The University of New Orleans' Research and Technology Park, which houses the Navy Information Technology Center, embodies this change. Local, state and federal officials hail the 56-acre park as a precursor for the possible development for the software, technology and information management industries, recognized by many economic experts as the future of the American economy. The R&T Park's 80,000-square-foot Advanced Technology Center has attracted more than a dozen companies.

The Navy computer center, which already employs more than 1,000 people and ultimately will employ 2,000, is in charge of integrating, simplifying and standardizing the collection, storage and management of all Department of Defense manpower, personnel and pay data. Several dozen firms are working on software development and sophisticated integration and networking at the military center. The Research and Technology Park is credited as one of the keys to unlocking the local economy from dependency on tourism.

However, the knowledge that the future lies in high-tech fields spurs the need to better equip New Orleans' labor pool, which is regarded by skeptics as lacking the education and skills to meet the demands of these industries. Considering this, local employment workers cite the need for area job seekers to prepare themselves.

"Right now, it's an employer's market," says Peter Breen, a New Orleans-based recruiter with MSI International, a nationwide recruiting firm. "Entry-level job seekers are competing for less available positions. During the last five years, there were a lot of employers competing for a great amount of talent. That's not the case now."

Breen says the tight job market nationwide gives employers a natural advantage. "Employers can realistically feel good about hiring people right now," he says. "If they're looking to increase their staff, it's a great time for them to do that. In this market, there are some great people -- through no fault of their own -- who are laid off from their jobs."

Despite the gloomy conditions, Breen contends that job seekers still largely determine their own success. "There are steps you can take to make yourself a lot more marketable," he says. "Continuing-education courses gearing you toward specific skills are very impressive to employers when evaluating candidates. And, of course, nailing the interview will always be crucial."

However, there are areas of positive growth in the area, and various agencies are doing their best to prepare job seekers for these jobs.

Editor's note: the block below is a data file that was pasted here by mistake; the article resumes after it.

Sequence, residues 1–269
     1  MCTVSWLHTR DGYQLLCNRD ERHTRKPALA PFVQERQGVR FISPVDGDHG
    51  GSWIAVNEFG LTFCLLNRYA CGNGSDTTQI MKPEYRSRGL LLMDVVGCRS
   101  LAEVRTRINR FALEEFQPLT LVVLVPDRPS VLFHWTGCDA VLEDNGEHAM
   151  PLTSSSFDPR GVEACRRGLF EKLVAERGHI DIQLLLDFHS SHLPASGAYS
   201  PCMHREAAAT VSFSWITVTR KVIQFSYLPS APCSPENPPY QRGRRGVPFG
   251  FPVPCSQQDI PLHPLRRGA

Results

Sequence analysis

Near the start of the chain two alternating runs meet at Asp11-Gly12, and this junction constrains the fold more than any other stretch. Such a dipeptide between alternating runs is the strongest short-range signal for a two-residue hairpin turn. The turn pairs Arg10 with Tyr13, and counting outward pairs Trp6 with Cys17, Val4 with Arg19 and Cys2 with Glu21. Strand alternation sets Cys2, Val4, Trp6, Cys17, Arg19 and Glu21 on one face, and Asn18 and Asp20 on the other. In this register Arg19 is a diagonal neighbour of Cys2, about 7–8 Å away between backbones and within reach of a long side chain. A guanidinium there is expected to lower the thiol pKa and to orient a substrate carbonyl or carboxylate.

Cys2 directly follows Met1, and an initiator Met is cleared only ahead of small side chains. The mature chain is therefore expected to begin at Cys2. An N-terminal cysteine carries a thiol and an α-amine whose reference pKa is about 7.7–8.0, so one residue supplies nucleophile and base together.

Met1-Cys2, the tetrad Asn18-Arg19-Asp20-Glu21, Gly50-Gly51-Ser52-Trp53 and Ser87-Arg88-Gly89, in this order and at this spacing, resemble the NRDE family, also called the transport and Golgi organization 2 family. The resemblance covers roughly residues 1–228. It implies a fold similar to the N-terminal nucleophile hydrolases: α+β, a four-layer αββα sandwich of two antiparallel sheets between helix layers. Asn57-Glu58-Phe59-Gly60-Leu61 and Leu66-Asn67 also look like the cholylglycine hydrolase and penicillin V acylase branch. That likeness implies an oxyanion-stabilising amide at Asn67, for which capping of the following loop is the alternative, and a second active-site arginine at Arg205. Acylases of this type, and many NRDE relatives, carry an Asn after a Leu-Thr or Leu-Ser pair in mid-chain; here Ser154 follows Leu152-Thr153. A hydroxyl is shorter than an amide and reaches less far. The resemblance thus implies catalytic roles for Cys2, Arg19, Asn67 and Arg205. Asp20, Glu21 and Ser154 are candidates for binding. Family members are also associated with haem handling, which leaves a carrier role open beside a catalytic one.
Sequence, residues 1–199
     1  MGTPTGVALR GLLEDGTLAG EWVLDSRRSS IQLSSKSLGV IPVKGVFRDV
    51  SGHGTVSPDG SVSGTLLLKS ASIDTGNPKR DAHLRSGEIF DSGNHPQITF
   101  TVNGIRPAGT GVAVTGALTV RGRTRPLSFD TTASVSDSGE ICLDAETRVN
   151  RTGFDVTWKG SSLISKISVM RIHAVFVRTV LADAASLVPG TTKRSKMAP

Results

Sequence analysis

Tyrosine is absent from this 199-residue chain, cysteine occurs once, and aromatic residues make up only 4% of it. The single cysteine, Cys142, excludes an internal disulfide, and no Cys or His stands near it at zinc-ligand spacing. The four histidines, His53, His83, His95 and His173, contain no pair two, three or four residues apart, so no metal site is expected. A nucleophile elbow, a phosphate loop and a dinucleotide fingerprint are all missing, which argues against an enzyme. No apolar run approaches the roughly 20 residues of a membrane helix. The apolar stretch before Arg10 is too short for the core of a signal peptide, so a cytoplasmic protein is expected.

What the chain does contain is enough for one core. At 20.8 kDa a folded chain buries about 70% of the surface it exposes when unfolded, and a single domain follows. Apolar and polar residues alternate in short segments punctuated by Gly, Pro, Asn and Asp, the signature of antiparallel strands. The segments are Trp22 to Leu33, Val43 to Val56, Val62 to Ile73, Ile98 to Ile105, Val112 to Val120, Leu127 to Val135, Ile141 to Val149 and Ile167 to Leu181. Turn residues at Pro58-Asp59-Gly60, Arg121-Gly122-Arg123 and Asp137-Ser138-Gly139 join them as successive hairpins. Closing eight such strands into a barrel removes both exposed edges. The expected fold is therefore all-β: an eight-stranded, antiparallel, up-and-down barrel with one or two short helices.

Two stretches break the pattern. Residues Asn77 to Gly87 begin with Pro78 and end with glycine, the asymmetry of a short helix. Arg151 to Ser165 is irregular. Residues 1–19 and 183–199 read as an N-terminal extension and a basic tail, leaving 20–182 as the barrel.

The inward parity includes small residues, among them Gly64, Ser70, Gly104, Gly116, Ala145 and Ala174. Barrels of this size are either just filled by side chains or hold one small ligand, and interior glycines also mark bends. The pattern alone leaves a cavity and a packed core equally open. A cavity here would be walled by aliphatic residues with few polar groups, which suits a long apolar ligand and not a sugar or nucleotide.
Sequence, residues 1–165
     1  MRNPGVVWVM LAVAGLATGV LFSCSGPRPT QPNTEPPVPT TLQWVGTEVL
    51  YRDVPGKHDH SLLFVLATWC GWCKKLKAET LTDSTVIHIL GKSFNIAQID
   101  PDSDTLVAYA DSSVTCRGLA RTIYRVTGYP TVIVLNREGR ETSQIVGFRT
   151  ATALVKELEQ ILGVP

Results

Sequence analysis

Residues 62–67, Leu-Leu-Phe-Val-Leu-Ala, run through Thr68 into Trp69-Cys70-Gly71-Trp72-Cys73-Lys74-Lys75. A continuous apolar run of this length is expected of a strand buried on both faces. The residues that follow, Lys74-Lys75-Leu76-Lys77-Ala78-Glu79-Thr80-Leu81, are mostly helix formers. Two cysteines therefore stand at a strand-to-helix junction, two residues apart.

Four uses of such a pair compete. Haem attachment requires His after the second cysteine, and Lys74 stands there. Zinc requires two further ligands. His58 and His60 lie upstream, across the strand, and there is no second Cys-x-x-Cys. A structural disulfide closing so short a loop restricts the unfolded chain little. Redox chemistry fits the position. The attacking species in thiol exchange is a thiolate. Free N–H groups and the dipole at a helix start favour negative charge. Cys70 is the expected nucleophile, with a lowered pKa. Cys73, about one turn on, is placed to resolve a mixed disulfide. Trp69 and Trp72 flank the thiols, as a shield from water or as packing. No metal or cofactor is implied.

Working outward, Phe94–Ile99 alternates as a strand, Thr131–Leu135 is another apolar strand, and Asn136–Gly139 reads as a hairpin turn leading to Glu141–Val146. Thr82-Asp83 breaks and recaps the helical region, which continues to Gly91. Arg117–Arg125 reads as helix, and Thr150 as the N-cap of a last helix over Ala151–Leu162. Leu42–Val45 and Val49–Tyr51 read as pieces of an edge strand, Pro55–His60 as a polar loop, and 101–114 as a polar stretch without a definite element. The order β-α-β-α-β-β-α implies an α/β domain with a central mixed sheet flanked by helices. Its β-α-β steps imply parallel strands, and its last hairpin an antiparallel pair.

"Yes, we are still in a recession, but people are getting hired," says Denetra Pate, program coordinator of the New Orleans Job Initiative, a nonprofit that helps provide training and placement for job seekers. "Since 9/11, the economy has slowed down a great deal, and many people got put on hold. But I see the jobs picking up, and, slowly but surely, people will get back to levels they once enjoyed. People need to feel safe in an economy; they don't want to hire in an unsure economy because of the chance they'll have to terminate that new person in one, two months. But we're coming up on a year anniversary (of Sept. 11), so I think those problems will die down soon."

Though Pate still contends that the hospitality industry is the bread and butter of the local economy, she's confident in the growth of other industries.

"Restaurant and hotel jobs are the biggest part of our economy," Pate says. "And though those wages often aren't enough to support families, they will still be needed in the new economy. And those jobs are beginning to pay more, because the workers are in such high demand."

Potentials Pate sees include construction and manufacturing, though she touts the medical field as offering the greatest opportunities to area job hunters.

"Hospitals and the medical field in general is really growing in New Orleans right now," Pate says. "And with all this growth, there are looking to hire. The positions open include nurse assistant positions that, with training, are attainable for a lot of people. And in the medical field, the jobs have salaries and upward mobility that allows for careers to be developed and families sustained. And that's a real eye-opener for many people in New Orleans, and for many, that's all they need to get encouraged."